IRL Friends. Why are people such a disappointment?

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The answer isn't them, it's you. 

When it comes to relationships, do you struggle to find the connection you hope for? Are you lonely but know a ton of people? Are you dissatisfied with your friendships, your marriage, maybe even your discontent has traveled into your parenting?
Can I assume that this has to do with believing ONLY what you see on social media? 

Sometimes when we scroll, our brains lie to us and tell us "I want that! They have that! I should have that too! Everyone else has that but me!" We become disillusioned with our real lives. Lives that require actual work, actual presence, and actual messes and struggles. None of that sounds fun, so you believe the lie that nobody has to do "real life" but you. Suddenly, that grass on your side of the fence is definitely a lackluster shade compared to everyone else.

True Statement: Your actual life has real potential. Not potential to become Instagram worthy but potential to be filled with satisfaction, enjoyment, connection, and purpose. When it comes to relationships, we often compare, compromise, and are ungrateful for our situation. If you can read this article, I promise you, your life is 1,000% better than you think.

How much time have you spent trying to find your tribe? How many times have you beaten yourself up thinking you've made a strong effort and there hasn't been a return on your endeavor? How much more time will you wish for an Instagram-worthy group of friends or a picture-perfect family to claim as your people? 

Sister, your time is more valuable than this. Let's maximize our time for good and minimize our time away from an ungrateful, comparing heart. You'll feel much more focused on what actually matters in life when you do this. 

True Statement: Nobody is perfect. Your friends and your family don't match the standards of your social scroll. Most of the social scroll isn't a true representation of anyone's actual life.

Let's start loving our actual life, okay? Here are 5 things you can do right now to quiet the voice in your head that says your friends aren't the right kind of tribe, your family isn't the right kind of people, and that there's got to be something better than this.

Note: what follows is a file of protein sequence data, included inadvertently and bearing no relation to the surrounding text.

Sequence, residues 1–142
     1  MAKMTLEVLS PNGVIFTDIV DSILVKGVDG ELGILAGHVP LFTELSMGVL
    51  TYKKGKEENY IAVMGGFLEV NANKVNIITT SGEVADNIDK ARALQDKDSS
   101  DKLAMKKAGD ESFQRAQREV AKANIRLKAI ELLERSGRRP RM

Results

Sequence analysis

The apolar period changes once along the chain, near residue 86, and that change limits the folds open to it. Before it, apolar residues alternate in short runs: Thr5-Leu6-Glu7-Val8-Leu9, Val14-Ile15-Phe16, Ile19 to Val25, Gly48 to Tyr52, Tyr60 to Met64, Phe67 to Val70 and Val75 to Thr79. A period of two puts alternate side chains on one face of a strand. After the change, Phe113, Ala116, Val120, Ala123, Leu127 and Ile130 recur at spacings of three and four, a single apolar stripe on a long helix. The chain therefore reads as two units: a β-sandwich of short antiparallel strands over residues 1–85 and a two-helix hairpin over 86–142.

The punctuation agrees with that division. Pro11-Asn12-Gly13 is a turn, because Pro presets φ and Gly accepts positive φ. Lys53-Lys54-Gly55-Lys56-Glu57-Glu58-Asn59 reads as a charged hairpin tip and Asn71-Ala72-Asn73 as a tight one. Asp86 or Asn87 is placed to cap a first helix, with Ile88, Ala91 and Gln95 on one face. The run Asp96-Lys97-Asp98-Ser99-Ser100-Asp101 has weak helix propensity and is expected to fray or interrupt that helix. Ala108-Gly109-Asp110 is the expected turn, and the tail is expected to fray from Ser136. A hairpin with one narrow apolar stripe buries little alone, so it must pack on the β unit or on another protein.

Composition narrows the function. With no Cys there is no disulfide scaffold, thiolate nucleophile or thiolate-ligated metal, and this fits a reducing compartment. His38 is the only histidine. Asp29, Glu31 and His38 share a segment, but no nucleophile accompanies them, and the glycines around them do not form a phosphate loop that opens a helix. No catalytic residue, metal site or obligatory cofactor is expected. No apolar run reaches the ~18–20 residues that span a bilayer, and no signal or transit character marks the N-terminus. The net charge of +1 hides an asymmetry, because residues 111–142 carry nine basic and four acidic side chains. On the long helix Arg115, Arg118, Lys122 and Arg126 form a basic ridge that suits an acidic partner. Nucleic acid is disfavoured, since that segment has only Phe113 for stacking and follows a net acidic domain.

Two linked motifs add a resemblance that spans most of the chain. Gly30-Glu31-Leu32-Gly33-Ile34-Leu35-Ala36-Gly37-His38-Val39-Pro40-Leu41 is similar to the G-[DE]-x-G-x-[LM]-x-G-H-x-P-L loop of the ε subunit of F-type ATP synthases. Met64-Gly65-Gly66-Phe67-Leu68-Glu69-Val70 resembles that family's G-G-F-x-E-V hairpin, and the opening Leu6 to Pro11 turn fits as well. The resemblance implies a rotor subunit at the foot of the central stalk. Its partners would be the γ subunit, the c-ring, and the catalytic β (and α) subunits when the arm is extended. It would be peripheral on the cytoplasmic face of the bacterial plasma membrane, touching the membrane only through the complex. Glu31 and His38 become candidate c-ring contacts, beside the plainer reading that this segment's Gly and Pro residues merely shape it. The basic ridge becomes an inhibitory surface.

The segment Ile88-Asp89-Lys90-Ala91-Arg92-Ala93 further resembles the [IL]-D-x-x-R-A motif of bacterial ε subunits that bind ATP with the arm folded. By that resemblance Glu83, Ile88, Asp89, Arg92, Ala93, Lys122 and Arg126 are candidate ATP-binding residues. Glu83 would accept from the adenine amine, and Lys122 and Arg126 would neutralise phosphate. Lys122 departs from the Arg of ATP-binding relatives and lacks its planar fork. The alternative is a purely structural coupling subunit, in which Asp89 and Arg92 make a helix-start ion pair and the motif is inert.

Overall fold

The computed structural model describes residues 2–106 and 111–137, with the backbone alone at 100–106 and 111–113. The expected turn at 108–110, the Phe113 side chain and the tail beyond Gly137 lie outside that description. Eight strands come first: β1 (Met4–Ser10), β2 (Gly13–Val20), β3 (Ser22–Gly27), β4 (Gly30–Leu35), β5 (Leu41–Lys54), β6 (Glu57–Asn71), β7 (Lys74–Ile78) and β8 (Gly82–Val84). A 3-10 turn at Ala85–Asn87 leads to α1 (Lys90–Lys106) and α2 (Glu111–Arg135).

1. Change the Language and the Mindset

They say, "Find your people".

Here's the problem:

I'm heavily possessive and can take that quite literally.

The goal with that twisted encouragement becomes one of acquiring, owning, and being in charge of relationships.

I could lose proper perspective so easily if I titled friends and family "my people". I could (and I have) place unrealistic expectations on MY people. I could (and, yes, have) collect "my people" to fit within my criteria and easily dismiss them once they fall out of my preferences.

Tribes are great. Groups are fun. Reliable friendships are a comfort. But I won't ever mistake the blessing of relationships as something to own or achieve anymore.

So if you hear the phrase, "find your people" or the encouragement to "love on your people", resist that language and flip the script.

Find some people. Do life with some people. Let some people into your life; people who are different and are working through the awkward, persevering when it's not comfortable. Don't collect people or place their gift of friendship into a confined category.

2. Set Yourself and Others Free

Love - have grace. You aren't perfect and neither is your spouse, your kids, your neighbors, or your friends. Give them the same break you (should)  give yourself. The chance to be human. The chance to mess up, forget, misunderstand or even, hurt you.  

Love on God's people.

Set yourself (and some people) free from the expectation of achieving perfect *looking* relationships.

Opening up the opportunity for authenticity, depth, and longevity in your friendships begins with surrendering your coveting heart and ends with gratitude of the gift of companionship.